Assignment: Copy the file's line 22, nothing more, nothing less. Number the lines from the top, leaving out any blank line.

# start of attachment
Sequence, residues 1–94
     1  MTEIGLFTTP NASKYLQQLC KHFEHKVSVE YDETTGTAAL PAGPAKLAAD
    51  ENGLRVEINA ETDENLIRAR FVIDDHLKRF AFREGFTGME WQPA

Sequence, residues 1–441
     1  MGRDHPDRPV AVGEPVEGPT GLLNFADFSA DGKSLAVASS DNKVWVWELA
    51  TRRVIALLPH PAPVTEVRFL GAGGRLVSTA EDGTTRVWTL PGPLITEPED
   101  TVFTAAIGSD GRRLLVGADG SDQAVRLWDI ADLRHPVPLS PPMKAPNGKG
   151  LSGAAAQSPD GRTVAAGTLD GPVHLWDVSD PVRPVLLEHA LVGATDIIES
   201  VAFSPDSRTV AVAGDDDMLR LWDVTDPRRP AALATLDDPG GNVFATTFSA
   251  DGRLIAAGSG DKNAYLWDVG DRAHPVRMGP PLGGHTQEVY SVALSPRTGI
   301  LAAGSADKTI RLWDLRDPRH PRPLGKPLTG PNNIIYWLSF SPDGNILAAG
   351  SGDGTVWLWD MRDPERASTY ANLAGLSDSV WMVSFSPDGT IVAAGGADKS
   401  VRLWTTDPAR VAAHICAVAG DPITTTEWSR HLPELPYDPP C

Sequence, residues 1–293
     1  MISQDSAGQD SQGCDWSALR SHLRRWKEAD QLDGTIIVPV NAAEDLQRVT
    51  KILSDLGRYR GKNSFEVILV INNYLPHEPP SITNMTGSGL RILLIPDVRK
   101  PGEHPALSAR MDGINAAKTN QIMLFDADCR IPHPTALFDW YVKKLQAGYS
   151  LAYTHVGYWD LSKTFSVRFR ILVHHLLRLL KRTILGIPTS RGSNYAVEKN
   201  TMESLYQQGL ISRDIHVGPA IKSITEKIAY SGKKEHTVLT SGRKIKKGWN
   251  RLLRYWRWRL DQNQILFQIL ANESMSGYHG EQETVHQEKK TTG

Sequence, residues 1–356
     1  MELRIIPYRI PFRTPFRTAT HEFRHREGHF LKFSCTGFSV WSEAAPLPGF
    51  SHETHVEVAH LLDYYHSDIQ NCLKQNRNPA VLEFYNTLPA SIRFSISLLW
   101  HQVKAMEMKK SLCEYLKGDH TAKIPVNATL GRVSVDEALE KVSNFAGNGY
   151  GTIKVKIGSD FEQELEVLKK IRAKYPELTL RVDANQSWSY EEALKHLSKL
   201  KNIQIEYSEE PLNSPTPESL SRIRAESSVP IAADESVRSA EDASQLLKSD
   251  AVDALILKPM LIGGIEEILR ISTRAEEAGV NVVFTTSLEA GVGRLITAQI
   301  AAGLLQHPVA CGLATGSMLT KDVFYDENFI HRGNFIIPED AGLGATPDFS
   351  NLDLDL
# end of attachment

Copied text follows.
     1  MELRIIPYRI PFRTPFRTAT HEFRHREGHF LKFSCTGFSV WSEAAPLPGF